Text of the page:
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3 May 2000
A hive on a beekeeping property near Thames has proved to be infected with the varroa mite. It appears that two adjacent hives, on the same property, have also been infected, but at very low levels. Testing is continuing on the Coromandel Peninsula, with no other indications of varroa there so far.
MAF programme co-ordinator Dr Matthew Stone says that the new find was the result of a trace from the infected area in the Hauraki Plains, where the infected hive - now on the Coromandel - was placed for several weeks in November. Dr Stone says that it will be important to establish if this is an isolated infection, or there has been a wider spread of varroa on the peninsula. Apiary sites in the area of the newly identified site are being tested.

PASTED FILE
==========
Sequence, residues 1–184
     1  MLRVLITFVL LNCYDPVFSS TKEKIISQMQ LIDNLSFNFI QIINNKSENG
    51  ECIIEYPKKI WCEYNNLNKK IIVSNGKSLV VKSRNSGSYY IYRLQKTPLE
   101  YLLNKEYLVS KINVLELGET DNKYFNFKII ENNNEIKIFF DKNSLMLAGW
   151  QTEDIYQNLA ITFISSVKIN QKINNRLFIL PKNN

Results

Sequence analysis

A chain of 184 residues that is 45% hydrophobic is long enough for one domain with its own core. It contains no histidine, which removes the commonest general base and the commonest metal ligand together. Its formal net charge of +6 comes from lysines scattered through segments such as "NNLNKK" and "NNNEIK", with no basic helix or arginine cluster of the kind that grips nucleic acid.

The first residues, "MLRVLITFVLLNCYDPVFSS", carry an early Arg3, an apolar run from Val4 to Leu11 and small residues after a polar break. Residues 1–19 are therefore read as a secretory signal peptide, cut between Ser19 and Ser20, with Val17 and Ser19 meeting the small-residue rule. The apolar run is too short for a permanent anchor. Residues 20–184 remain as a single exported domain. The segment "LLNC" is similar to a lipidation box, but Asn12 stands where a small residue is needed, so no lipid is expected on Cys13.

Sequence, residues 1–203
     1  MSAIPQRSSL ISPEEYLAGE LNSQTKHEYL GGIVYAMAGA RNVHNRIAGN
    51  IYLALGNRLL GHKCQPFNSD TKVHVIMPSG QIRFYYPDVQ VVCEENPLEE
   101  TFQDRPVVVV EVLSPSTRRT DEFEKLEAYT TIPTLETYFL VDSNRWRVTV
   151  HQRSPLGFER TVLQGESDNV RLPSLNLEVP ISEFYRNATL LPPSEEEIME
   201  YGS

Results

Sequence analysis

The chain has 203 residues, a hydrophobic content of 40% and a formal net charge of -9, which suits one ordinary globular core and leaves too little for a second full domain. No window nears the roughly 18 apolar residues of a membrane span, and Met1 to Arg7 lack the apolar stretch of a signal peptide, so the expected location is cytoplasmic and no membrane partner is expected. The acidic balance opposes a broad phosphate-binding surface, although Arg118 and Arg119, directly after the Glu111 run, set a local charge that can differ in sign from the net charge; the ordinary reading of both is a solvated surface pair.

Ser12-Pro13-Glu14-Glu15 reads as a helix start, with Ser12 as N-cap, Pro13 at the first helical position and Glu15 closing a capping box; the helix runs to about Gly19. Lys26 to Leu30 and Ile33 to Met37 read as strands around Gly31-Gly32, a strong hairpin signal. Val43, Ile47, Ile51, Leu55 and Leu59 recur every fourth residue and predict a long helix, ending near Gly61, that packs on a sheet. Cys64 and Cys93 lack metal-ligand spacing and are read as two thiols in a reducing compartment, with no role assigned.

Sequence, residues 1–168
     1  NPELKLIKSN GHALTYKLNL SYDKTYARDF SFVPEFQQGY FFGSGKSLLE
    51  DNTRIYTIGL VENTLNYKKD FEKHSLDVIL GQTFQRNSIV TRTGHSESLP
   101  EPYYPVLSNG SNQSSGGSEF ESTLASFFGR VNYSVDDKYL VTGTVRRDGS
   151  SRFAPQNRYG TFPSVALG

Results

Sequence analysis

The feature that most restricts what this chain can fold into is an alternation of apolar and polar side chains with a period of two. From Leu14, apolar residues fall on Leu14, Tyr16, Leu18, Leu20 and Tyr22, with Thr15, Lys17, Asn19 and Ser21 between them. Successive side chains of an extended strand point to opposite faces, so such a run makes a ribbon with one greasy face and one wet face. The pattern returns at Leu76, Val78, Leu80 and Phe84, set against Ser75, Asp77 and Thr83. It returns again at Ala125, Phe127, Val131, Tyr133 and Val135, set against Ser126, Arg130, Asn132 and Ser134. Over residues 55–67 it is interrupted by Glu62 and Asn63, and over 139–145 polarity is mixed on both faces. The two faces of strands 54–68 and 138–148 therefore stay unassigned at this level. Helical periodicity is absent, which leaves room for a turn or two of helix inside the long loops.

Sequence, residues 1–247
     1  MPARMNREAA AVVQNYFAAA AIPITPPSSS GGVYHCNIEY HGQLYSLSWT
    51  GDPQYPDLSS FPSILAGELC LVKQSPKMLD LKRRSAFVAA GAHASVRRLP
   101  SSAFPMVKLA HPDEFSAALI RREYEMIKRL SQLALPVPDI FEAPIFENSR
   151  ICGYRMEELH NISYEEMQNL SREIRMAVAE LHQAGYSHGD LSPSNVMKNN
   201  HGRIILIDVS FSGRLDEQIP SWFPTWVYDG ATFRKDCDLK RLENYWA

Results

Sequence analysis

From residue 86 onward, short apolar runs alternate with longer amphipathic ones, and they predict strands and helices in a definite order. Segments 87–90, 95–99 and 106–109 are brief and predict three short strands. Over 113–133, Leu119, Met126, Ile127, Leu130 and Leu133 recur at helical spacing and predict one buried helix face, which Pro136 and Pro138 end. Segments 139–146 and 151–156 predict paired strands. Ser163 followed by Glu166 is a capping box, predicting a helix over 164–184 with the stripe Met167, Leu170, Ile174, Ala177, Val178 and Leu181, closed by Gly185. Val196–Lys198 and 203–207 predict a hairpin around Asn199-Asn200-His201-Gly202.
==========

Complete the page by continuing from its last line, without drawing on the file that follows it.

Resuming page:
In addition to the Coromandel find, eight Infected Places have been confirmed within the Infected Zone. The nine new Infected Places brings the cumulative total to 112, on apiaries owned by 36 beekeepers. 24,516 hives have now been tested on 1,341 apiaries.
The movement permit free-phone operation (800 109 383) has been very busy with received 74 requests for permits yesterday. 13 permits have been issued under the movement restrictions reviewed on Friday evening, with two declined and the rest pending. To ease the process further, the application form for permits will be posted on the websites of MAF and the National Beekeepers Association later today.
Information on the varroa mite is available on the MAFBNZ website.
John Hayes, Communications Adviser, MAF. 04-4744-268/04-904-1827
Lin McKenzie, National Beekeepers Association Executive Member. 025-357-970.